ABSTRACT: Melatonin has been reported to be involved in the feedback between neuroendocrine and immune functions and to exert oncostatic actions. Likewise, this hormone seems to lengthen life span in healthy animals. As of present, most studies have analysed the therapeutic effect of melatonin on cancer growth, but few have tested the preventive effect of melatonin in reducing the risk of cancer. Thus, the aim of this study was to evaluate the preventive-therapeutic effects of melatonin on rats with DMBA-induced mammary tumours, and to examine the effect of melatonin on the first line of cell defence against cancer (macrophages and NK cells) and on some of the neuroendocrine factors that are involved in the development of tumours (prolactin and catecholamines). Melatonin treatment (5 mg/day/animal) began one month prior to DMBA (9,10-dimethyl-1,2-benzanthracene) administration to females Sprague Dawley rats. It was found that the treatment led to an increase in survival and in latency time in the tumour-bearing rats. Although the melatonin treatment did not influence either the phagocytic capacity of macrophages or the number of peripheral blood NK cells, it did stabilise the levels of prolactin by returning the concentrations of this hormone to those of the healthy animals. We conclude that melatonin can exert an oncostatic action, lengthening the survival time of mammary tumour-bearing animals, and suggest that this effect is due, at least in part, to regulating the neuroendocrine parameters of tumour-bearing animals, bringing them closer to their optimal physiological status.Molecular and Cellular Biochemistry 02/2005; 268(1-2):25-31. · 2.06 Impact Factor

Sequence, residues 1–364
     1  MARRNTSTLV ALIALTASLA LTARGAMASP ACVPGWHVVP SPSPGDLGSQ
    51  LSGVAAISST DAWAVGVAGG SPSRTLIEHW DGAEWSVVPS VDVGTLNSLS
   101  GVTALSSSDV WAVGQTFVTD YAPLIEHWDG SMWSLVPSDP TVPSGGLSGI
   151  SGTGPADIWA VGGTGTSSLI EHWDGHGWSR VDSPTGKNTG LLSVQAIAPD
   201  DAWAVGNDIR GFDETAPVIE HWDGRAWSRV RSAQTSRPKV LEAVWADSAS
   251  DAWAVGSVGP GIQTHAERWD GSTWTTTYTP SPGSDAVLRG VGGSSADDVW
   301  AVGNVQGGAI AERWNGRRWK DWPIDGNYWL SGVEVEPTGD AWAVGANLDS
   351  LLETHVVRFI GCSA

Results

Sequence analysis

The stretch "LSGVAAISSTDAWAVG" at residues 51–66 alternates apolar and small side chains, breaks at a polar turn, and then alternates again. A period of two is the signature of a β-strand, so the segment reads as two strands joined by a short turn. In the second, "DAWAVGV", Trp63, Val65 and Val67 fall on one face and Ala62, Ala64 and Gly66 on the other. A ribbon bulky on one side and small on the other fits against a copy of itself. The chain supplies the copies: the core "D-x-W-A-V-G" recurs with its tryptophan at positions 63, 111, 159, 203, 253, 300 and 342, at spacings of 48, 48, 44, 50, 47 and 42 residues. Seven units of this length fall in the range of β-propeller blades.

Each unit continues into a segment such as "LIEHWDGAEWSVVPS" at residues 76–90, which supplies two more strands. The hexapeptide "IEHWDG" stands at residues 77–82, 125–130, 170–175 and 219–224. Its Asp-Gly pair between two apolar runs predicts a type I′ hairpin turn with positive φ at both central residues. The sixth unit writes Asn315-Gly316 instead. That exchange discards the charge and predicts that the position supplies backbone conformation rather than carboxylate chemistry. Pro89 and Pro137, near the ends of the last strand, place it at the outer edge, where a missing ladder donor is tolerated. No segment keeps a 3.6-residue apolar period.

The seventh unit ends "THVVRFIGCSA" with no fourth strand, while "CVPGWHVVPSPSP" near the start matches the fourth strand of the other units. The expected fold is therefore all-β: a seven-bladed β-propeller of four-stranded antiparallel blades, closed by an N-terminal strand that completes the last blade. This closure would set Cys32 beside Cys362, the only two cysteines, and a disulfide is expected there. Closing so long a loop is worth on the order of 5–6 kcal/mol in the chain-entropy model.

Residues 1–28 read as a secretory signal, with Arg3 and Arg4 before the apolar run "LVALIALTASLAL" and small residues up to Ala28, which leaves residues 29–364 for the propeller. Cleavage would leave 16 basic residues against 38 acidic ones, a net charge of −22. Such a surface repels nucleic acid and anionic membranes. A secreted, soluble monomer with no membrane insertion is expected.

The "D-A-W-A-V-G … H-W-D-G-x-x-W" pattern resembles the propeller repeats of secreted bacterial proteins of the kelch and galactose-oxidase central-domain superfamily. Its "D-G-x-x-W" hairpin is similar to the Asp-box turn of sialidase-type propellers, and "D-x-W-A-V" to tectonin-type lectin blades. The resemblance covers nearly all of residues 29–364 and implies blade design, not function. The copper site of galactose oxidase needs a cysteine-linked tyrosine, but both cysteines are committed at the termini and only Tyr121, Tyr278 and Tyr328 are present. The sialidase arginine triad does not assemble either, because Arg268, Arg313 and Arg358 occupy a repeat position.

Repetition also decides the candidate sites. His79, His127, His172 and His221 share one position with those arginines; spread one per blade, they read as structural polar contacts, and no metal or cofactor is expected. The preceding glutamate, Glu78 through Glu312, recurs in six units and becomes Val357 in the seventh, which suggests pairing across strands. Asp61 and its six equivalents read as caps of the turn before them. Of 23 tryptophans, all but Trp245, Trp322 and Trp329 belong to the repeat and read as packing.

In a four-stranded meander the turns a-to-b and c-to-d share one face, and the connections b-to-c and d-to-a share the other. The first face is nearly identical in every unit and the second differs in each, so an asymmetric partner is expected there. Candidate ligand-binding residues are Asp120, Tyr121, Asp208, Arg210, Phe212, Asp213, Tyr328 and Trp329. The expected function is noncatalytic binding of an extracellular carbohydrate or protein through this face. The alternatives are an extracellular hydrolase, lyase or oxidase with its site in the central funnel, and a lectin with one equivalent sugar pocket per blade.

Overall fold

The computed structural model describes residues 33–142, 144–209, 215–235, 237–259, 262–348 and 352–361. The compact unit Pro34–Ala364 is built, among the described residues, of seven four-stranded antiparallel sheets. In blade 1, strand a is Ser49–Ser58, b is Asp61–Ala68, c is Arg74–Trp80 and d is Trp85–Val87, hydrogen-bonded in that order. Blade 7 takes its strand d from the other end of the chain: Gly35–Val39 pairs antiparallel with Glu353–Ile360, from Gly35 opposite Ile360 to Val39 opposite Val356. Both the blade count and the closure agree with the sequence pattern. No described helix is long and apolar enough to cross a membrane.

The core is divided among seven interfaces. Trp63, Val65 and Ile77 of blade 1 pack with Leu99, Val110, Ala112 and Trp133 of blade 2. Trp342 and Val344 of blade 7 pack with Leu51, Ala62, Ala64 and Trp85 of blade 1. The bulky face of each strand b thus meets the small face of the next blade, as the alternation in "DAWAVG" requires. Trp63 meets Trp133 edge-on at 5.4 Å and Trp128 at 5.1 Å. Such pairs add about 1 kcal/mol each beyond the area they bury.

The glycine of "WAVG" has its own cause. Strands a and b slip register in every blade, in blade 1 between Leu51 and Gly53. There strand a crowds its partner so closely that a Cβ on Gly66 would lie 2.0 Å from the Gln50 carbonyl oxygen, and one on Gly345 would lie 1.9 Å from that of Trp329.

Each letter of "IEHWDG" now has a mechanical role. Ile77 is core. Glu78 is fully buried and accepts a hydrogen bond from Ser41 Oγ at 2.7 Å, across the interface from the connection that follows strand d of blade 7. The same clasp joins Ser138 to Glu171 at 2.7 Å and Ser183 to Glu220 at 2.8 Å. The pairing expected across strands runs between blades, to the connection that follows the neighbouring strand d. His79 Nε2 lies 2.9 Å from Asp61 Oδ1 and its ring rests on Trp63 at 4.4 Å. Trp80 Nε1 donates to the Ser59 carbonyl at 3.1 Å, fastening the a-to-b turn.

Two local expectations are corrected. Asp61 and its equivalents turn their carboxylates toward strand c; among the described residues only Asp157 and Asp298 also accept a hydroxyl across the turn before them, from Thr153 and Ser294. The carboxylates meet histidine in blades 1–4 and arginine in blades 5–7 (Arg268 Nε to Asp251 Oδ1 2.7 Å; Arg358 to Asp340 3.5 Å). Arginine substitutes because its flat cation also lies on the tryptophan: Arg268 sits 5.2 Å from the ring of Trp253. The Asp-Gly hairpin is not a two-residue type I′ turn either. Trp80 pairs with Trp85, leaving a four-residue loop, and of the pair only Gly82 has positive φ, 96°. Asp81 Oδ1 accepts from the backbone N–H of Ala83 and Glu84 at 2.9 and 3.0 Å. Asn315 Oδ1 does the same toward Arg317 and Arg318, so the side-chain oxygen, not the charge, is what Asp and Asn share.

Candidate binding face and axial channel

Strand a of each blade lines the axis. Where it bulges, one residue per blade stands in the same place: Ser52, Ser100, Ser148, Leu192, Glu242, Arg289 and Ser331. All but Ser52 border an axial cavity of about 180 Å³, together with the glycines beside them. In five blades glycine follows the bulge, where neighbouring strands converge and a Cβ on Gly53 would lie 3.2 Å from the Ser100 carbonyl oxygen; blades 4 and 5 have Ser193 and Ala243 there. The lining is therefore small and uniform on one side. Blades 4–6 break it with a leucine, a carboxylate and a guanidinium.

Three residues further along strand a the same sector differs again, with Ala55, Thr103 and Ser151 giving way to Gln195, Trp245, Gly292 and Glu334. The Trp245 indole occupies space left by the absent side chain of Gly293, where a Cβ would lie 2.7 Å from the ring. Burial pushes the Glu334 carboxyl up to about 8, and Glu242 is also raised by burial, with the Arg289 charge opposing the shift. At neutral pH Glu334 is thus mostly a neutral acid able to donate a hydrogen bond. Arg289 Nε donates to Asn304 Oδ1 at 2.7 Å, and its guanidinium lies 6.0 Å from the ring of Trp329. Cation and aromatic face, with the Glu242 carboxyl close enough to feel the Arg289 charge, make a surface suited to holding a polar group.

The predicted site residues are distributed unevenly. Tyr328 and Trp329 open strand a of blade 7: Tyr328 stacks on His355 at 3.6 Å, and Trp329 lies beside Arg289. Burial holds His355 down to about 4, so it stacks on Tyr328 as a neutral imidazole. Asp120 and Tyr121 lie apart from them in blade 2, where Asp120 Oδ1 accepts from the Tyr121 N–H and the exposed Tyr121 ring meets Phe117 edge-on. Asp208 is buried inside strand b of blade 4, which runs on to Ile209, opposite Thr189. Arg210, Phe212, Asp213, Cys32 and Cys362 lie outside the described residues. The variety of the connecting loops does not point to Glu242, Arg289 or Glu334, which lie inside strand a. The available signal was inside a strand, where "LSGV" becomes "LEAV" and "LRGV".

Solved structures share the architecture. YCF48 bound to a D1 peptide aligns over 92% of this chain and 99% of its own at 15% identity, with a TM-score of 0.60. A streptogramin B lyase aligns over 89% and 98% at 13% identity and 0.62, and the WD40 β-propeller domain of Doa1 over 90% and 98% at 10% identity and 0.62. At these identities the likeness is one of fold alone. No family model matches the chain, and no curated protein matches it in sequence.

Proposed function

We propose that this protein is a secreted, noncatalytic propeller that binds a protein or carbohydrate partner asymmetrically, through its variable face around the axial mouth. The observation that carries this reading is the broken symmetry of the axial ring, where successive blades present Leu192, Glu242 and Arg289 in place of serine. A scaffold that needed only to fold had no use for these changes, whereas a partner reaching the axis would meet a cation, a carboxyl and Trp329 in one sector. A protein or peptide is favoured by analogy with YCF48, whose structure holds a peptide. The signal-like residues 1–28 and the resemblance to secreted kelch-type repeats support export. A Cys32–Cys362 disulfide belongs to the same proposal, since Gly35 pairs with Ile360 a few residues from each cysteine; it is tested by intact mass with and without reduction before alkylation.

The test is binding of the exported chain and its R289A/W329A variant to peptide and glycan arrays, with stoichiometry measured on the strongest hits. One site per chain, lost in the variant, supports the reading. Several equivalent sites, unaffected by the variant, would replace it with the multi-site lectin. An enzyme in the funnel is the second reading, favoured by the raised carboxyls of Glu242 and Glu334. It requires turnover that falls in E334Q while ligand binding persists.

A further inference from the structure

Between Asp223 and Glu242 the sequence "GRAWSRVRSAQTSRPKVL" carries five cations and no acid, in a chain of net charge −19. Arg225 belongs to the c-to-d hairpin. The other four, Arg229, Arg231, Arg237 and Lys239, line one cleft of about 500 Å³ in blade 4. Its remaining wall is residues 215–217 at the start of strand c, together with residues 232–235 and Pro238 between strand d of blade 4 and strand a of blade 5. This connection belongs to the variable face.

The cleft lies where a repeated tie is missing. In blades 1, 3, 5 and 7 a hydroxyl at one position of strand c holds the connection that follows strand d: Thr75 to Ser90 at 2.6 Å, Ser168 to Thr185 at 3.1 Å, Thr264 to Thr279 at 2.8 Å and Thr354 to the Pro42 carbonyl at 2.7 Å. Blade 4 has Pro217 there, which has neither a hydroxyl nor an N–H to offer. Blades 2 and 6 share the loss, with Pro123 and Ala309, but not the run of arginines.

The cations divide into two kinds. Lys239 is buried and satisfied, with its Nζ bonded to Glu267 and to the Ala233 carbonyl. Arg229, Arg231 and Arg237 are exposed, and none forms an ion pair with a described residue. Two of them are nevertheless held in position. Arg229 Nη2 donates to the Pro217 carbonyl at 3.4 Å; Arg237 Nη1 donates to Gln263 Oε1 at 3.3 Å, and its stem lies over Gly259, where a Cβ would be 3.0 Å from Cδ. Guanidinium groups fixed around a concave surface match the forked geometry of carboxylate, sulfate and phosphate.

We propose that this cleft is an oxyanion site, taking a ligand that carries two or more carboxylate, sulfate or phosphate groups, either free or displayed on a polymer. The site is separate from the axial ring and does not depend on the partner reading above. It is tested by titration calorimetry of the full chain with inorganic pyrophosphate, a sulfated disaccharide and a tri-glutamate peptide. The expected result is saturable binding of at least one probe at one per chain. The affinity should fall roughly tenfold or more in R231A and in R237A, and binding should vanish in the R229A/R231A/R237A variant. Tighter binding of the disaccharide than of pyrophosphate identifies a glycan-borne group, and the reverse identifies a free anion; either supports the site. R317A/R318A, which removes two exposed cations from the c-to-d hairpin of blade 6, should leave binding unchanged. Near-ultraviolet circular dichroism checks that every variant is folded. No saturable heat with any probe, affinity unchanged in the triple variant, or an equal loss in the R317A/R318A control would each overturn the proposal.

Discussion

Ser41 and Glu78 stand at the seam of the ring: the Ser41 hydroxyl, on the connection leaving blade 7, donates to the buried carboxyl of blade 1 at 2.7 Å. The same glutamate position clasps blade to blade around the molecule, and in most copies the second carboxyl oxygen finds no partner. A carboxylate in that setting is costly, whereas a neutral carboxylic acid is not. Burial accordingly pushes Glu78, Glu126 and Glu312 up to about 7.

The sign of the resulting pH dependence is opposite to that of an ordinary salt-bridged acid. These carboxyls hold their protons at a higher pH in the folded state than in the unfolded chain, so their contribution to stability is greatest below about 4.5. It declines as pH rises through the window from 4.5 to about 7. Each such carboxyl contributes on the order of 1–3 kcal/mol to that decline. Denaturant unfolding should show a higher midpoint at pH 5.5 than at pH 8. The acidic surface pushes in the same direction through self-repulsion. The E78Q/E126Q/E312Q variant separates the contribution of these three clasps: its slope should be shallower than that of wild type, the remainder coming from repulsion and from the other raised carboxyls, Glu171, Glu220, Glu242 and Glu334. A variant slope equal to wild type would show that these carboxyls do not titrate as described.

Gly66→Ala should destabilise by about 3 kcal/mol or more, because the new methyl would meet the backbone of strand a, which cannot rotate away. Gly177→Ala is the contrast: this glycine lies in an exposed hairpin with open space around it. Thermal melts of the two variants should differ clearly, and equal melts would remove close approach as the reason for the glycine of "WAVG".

Article: X-Ray diffraction studies of fibrillin-rich microfibrils: effects of tissue extension on axial and lateral packing.[show abstract] [hide abstract]
ABSTRACT: X-ray diffraction of hydrated fibrillin rich microfibrils, in the form of zonular filaments from bovine eyes, demonstrated meridional diffraction peaks indexing on a fundamental periodicity of approximately 56 nm in the relaxed state. The effect of sample extensions of up to 50% in length produced an increase in the axial periodicity of only 4% as judged by alteration of the diffraction peak position of the third meridional order. This effect was shown to be reversible. Further extension to 100% of the tissue rest length caused extensive deterioration in the quality of the diffraction and resulted in a more complex meridional diffraction series, where the fundamental axial periodicity also changed to a length of approximately 80 nm. The fibrillin diffraction image also contains an equatorial diffraction peak that is enhanced upon tissue extension. The measurement of the molecular spacing from the equatorial diffraction profile indicated that the closest approach of molecules gave a broad interference peak of spacing 28 nm, this is nearly twice the molecular diameter as estimated from electron microscopy of dehydrated samples.Journal of Structural Biology 02/1998; 122(1-2):123-7. · 3.41 Impact Factor